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Role of trpv4 in prediabetic obese nerves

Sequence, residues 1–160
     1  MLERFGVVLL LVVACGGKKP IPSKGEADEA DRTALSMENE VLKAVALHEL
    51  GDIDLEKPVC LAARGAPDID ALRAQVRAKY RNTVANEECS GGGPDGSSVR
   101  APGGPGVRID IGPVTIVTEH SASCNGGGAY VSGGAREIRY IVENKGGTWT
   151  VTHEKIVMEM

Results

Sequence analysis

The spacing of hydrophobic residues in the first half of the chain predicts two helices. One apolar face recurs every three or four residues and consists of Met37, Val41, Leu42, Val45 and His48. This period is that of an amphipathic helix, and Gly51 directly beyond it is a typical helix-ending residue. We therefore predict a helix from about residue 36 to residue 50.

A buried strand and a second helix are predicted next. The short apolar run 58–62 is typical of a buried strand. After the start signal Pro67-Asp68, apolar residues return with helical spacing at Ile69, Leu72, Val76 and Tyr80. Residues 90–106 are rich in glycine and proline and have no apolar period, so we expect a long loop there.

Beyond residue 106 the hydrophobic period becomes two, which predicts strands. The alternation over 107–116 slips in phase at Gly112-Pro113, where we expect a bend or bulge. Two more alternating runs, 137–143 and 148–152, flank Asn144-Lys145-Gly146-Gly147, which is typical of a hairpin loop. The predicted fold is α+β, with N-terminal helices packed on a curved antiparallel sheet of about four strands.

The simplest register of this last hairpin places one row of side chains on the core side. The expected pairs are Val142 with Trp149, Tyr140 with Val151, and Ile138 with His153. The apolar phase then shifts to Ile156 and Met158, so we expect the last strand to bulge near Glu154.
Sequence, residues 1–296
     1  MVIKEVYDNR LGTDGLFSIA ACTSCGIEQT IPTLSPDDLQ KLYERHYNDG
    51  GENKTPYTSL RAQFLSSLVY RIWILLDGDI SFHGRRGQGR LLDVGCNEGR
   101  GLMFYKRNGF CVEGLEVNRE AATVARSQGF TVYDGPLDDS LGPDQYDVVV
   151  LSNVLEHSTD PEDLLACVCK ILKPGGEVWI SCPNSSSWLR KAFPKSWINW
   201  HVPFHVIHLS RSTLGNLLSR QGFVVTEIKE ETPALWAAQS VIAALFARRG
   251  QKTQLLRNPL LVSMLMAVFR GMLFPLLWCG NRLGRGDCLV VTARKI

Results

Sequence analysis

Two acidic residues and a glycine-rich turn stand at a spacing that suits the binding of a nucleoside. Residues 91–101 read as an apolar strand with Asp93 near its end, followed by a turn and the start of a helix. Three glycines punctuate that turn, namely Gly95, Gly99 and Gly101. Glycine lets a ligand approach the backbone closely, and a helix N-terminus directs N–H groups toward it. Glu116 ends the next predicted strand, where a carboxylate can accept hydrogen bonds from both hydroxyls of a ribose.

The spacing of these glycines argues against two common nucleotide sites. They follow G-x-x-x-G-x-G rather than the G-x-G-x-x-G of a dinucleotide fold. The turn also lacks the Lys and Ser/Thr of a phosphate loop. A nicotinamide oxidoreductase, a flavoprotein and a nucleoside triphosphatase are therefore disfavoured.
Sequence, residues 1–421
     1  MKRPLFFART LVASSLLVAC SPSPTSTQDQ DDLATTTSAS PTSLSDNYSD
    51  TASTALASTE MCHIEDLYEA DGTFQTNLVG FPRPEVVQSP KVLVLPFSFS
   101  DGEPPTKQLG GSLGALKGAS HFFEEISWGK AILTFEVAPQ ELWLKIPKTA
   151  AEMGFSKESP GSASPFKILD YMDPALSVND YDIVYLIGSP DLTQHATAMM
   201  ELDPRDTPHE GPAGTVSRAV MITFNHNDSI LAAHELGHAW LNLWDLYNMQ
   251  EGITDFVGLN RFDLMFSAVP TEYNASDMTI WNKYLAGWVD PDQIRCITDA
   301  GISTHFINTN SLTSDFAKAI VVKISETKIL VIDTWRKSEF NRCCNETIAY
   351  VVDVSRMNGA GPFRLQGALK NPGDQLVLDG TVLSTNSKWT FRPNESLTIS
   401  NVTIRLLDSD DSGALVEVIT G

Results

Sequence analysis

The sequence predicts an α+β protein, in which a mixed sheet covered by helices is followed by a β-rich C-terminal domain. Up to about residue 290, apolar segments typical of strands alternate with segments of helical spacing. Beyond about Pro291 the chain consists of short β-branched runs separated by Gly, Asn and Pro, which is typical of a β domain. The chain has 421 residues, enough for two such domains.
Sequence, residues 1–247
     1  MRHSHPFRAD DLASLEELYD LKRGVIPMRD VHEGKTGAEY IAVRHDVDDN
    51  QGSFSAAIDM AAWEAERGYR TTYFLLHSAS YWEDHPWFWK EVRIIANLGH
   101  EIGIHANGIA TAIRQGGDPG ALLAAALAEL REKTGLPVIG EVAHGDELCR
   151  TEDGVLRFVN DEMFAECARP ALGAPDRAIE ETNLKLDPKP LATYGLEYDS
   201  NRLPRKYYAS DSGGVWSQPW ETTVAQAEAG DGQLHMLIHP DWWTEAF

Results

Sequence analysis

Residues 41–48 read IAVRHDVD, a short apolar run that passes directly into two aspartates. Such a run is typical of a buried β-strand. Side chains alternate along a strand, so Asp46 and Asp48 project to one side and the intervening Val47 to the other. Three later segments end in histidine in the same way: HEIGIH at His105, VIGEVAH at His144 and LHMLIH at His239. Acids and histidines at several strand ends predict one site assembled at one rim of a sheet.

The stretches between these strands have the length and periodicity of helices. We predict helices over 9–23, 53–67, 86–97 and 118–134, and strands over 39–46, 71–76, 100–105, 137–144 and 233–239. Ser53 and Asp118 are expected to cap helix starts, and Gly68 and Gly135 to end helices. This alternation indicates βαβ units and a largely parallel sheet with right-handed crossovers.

There are 86 million people with prediabetic obesity that are susceptible to type II diabetes. Prediabetes is characterized by higher than average blood sugar levels and depending on the severity, may lead to a number of problems in various tissue types. Prediabetes has been shown to induce complications in the peripheral nervous system (PNS), which is a common result of diabetes. Recent studies have shown an upregulation of transient receptor potential vanilloid 4 (TRPV4), a channel that senses a range of stimuli, in nerves with induced peripheral neuropathies. Also, it has been reported that mutations in the TRPV4 gene causes neurological disorders. In my project, I examined the effects of TRPV4 modulating drugs on the nerves of diet-induced prediabetic mice. Six-week-old C57BL6/J mice were placed on a 60% high fat or 10% control diet for 19 weeks. Blood glucose and weight measurements were then used to determine the prediabetic condition. Sciatic nerves and dorsal root ganglia (DRG) from these animals were extracted for protein, then quantified with the BCA kit. Once protein concentrations were measured, proteins were tested using western blot and ELISA. Hematoxylin and eosin stains were also used to visualize changes in the epidermal thickness of experimental groups. Animals fed a high fat diet (HFD) weighed substantially more and displayed elevated blood glucose levels than mice on the control diet. Surgery of the drug pump heightened sensitivity for animals on a high fat diet. Antagonist treatment significantly reduced body weight of the HFD mice. The motor coordination test showed poor results among agonist dosed HFD mice. The sciatic nerves and DRG of dosed HFD mice did not indicate change in TRPV4 levels nor IL-6 levels. This suggests that the TRPV4 modulators are not significantly altering the quantity of the channel nor initiating inflammatory response within the prediabetic obese nerve. In contrast, the antagonist's role in weight-loss of diet-induced prediabetic obese mice demonstrates its potential as a candidate for future studies.